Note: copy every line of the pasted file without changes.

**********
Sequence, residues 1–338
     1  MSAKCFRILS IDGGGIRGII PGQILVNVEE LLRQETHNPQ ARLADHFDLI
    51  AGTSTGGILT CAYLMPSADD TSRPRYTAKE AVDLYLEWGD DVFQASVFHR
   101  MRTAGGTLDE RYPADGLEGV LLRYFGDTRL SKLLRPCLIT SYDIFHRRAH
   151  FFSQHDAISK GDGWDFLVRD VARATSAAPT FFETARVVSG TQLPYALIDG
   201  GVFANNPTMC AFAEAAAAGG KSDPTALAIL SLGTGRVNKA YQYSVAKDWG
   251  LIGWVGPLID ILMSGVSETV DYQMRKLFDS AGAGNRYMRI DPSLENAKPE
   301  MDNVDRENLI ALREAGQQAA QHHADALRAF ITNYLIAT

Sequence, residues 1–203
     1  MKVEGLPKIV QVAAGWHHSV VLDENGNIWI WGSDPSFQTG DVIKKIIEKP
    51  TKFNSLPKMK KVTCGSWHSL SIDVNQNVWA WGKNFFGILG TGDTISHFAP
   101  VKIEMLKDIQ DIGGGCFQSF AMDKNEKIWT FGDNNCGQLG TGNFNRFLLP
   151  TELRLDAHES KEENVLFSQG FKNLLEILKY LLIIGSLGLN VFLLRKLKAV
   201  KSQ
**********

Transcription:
Sequence, residues 1–338
     1  MSAKCFRILS IDGGGIRGII PGQILVNVEE LLRQETHNPQ ARLADHFDLI
    51  AGTSTGGILT CAYLMPSADD TSRPRYTAKE AVDLYLEWGD DVFQASVFHR
   101  MRTAGGTLDE RYPADGLEGV LLRYFGDTRL SKLLRPCLIT SYDIFHRRAH
   151  FFSQHDAISK GDGWDFLVRD VARATSAAPT FFETARVVSG TQLPYALIDG
   201  GVFANNPTMC AFAEAAAAGG KSDPTALAIL SLGTGRVNKA YQYSVAKDWG
   251  LIGWVGPLID ILMSGVSETV DYQMRKLFDS AGAGNRYMRI DPSLENAKPE
   301  MDNVDRENLI ALREAGQQAA QHHADALRAF ITNYLIAT

Sequence, residues 1–203
     1  MKVEGLPKIV QVAAGWHHSV VLDENGNIWI WGSDPSFQTG DVIKKIIEKP
    51  TKFNSLPKMK KVTCGSWHSL SIDVNQNVWA WGKNFFGILG TGDTISHFAP
   101  VKIEMLKDIQ DIGGGCFQSF AMDKNEKIWT FGDNNCGQLG TGNFNRFLLP
   151  TELRLDAHES KEENVLFSQG FKNLLEILKY LLIIGSLGLN VFLLRKLKAV
   201  KSQ